the words Sully? and Earth on raw boards painted black and white

Where Are You a From, Jake Sully?

2019, recycled shipping palette boards, acrylic paint

When we think about where we belong we tend to think in terms of origin. This is also how we approach other people who appear not to be from ‘around here’, and we usually ask them the question “Where are you from?” But we can be from one place, and still belong to another. In fact we can belong to many places at the same time, so that we are in fact ‘a local’ at all of those places. If you have lived in a place for most of your life but you weren’t born there, where do you belong, and “where are you from”? So being from one place does not mean that for once and for all this is who we are. We can move on. When people change their place of abode, they become locals in a new location. This may mean loosing the connection to the previous place, or it may become an extension to it.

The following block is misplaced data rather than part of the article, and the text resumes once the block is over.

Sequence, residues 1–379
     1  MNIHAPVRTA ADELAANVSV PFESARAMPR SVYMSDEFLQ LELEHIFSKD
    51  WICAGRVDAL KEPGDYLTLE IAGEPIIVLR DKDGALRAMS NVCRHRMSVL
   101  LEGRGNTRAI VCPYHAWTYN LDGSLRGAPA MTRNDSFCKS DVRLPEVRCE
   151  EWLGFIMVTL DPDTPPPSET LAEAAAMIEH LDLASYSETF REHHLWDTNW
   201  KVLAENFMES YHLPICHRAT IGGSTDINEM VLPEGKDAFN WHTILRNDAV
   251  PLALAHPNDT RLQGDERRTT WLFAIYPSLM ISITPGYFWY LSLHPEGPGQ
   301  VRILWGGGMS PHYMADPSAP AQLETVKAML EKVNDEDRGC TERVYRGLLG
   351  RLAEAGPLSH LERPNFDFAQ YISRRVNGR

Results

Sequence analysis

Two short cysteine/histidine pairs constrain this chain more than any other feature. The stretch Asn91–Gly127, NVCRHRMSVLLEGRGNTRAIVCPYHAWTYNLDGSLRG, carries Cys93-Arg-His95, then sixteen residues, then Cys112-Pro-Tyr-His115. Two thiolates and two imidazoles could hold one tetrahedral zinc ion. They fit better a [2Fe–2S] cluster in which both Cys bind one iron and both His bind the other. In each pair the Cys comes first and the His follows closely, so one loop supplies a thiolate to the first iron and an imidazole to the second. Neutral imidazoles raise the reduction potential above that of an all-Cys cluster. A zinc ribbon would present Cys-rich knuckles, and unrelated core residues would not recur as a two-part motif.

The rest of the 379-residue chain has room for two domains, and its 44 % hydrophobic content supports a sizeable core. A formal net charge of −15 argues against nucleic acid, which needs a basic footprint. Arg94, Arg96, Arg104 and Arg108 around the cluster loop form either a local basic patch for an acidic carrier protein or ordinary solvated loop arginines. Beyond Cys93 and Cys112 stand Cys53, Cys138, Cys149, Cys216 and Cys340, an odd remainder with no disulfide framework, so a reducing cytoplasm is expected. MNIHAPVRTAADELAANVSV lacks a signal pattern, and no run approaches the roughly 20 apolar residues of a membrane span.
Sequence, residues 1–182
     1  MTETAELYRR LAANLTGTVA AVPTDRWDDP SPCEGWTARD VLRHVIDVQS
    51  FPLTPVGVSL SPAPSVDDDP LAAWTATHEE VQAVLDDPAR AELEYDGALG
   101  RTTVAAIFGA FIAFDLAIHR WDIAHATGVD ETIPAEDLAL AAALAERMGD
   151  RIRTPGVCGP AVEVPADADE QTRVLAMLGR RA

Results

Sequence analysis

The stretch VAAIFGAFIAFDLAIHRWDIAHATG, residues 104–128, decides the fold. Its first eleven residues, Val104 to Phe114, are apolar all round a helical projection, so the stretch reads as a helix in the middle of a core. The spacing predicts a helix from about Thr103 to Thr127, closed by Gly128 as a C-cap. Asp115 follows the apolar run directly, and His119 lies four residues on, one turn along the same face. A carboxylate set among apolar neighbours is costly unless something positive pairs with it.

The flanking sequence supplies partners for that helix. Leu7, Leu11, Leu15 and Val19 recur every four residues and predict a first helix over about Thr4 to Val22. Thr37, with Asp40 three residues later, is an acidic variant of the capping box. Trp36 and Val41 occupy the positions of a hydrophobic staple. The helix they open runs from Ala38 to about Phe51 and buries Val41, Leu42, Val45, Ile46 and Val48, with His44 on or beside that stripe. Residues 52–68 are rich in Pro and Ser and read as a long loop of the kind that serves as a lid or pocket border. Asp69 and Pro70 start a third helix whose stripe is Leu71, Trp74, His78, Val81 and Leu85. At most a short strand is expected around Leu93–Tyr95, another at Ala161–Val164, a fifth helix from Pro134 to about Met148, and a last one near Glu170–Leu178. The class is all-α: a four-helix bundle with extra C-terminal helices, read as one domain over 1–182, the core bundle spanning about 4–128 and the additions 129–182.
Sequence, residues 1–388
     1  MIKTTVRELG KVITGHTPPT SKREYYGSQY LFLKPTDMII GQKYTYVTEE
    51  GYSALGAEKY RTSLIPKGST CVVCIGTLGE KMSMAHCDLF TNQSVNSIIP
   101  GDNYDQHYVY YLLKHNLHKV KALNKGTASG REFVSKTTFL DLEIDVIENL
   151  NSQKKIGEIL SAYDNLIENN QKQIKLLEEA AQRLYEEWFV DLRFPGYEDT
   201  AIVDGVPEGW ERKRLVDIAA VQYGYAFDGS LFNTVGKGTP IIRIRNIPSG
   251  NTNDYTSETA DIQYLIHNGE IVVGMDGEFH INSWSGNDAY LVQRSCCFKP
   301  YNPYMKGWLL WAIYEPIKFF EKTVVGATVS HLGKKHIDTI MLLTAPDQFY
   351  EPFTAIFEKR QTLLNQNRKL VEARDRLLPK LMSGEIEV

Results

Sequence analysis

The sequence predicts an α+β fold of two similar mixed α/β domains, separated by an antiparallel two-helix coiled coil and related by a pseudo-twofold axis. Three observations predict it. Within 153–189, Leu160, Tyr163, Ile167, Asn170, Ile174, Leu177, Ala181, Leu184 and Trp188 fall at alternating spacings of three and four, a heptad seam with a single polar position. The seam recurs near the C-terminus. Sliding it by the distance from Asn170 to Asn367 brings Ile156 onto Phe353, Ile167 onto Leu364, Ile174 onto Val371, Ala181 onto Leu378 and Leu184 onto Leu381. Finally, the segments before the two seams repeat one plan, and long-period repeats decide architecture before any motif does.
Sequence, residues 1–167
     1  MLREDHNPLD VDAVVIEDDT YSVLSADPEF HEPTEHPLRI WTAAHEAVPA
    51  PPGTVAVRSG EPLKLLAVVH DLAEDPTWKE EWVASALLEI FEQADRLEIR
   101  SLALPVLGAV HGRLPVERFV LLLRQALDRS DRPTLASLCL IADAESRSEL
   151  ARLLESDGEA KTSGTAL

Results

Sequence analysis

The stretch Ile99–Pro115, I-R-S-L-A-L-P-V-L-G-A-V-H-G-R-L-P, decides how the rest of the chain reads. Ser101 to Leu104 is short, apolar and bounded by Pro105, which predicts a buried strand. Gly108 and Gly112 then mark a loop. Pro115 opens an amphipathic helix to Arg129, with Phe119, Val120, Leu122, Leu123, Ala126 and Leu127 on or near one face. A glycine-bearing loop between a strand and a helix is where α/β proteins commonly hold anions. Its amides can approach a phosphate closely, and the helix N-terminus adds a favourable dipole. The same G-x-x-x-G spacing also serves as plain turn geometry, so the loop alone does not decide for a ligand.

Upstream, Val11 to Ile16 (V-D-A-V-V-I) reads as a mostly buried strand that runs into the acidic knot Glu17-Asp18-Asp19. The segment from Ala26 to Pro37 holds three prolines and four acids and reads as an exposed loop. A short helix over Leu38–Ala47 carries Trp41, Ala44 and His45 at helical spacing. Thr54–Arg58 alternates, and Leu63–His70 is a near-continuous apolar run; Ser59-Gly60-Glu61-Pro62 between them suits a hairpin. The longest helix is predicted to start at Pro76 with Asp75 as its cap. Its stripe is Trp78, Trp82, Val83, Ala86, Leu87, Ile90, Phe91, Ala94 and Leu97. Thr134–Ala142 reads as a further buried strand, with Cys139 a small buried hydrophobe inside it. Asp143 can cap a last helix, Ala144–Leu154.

With the question of “where are you from” typically comes the concept of nationality and national borders, which in fact is a relatively new idea and really just a response to then common system of monarchy. Of course the concept of nationality is inapt for describing the reality of a person. It will merely remain a superficial concept. If we don’t go beyond the idea of where someone is from, accepting a national label as a description of who they are, we won’t really find out much about them. if we asked them where they are a local will open different opportunities of getting to know more about who they really are.

These 2 paintings reference the main character of the movie Avatar, Jake Sully, and his transformation from being a human to becoming a Navi, an inhabitant of the native forests on the planet Pandora, where he truly feels he belongs. He not only leaves his place of origin behind, but also moves into a different body and reality. 

As soon as we broaden our scale and move our question to an interplanetary level, the whole concept of nationality becomes completely irrelevant. National states and national interest shrink to mere meaninglessness. If we want to know about a person we need to ask differently.